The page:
Sunday’s Adventure: The Heide


fter the ice came the forest - then man came and changed the landscape. Today's heathland has been created over thousands of years by numerous natural and human influences. The Weichselian and Saale glaciations shaped today's surface structures - ice sheets are the sculptors of the heathland. When man settled here from the Neolithic age and began to cultivate the land, the forest was pushed back and the heathland developed. Artificial fertilizers and the cultivation of potatoes gradually change the agricultural landscape again and by the end of the 19th century, many heath areas are reforested.

It is that time of year again – the Heideblütenfest! The drought of last year took its toll on the blooms last year and my first festival was disappointing. This year we have had a bit more rain and I am looking forward to the aforementioned beauty. This year we will take the bikes – it is supposed be a nice day and the 45-ish minute ride will be nice.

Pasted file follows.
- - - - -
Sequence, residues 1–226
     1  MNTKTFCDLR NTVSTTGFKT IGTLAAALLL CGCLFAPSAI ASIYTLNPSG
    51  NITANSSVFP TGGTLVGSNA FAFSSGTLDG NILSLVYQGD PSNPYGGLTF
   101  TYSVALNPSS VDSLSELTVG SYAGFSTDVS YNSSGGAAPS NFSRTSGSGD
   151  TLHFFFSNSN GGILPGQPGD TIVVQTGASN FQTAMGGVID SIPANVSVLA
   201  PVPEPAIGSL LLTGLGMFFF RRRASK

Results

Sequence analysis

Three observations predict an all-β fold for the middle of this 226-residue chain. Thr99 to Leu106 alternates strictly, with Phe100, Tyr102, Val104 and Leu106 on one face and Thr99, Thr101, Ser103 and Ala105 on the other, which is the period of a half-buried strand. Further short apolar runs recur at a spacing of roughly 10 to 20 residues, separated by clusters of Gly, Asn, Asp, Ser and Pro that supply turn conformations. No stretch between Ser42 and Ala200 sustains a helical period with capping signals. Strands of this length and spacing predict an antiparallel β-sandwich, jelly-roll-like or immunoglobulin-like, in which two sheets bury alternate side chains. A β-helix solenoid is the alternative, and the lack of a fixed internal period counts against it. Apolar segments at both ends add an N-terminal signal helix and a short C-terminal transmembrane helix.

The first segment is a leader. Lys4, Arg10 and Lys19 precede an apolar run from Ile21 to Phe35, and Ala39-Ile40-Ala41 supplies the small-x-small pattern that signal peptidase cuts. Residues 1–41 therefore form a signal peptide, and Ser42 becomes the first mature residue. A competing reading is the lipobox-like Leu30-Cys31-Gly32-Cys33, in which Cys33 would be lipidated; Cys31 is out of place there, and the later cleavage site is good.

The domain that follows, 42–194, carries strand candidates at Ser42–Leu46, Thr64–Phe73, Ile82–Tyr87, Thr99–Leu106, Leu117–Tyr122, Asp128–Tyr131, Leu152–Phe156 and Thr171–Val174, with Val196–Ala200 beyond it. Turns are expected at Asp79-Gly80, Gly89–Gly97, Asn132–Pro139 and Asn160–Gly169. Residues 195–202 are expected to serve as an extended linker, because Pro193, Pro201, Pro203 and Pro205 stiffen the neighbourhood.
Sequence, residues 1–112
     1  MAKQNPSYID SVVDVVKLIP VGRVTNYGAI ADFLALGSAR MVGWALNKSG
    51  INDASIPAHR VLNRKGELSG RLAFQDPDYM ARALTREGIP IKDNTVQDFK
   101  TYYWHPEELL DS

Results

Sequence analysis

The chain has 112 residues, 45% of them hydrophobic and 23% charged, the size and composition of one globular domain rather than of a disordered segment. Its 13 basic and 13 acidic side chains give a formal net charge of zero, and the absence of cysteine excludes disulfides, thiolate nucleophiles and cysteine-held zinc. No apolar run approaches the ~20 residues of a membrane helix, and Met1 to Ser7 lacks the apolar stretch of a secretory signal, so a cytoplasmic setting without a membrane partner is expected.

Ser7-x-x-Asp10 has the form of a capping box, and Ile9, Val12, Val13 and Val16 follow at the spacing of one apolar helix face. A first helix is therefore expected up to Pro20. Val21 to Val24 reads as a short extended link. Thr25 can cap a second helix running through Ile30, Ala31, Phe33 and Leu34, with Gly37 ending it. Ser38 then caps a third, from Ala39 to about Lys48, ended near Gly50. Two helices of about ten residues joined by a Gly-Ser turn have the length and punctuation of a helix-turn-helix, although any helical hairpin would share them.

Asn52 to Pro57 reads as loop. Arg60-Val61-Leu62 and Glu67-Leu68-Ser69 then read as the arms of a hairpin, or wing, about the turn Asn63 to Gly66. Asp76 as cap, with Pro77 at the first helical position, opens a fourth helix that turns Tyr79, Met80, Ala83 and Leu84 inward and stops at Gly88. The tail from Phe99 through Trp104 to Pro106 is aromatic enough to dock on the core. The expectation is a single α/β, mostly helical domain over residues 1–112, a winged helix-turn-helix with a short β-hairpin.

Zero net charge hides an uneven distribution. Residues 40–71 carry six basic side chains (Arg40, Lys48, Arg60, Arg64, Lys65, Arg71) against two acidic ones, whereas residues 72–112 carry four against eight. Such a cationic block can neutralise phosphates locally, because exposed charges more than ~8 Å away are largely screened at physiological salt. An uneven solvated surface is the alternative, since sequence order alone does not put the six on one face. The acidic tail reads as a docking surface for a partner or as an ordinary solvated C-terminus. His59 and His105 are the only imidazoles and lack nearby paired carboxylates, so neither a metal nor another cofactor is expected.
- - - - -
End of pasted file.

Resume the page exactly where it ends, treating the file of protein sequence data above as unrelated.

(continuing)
Or not so very nice…it is decidedly hot without cloud cover. We roll up in the dust and lock the bikes. There is a band playing and several craft booths but we make a bee-line to Die Burgerbauer for a delicious lunch. But it is very hot with very little shaded areas. After our lunch of a burger and fries, we stand in line for as ice cream. However, after several minutes we decide that the oddly flavored soft ice cream was not for us. We, instead, move to the drink wagon for some water (and a beer).


Once the water (and beer) is finished, we finish looking at the booths and look to heading out on the Heide. I am determined to see the glory of the heather in full bloom. The first stop is the shepherd except this year he has a fair amount of goats in addition to the sheep. People trying to get closeup pics of the animals keep scaring them away.

We leave the grazing area and head down one of the trails looking for a spot of high ground. Some minutes later, we find a small, relatively undisturbed, hill on which we can rest in the shade of a tree and view the beautiful purple Heide. This is much better than the last year’s showing of sad brown plants with sparse showing of flowers. I am certainly looking forward to next year’s festival.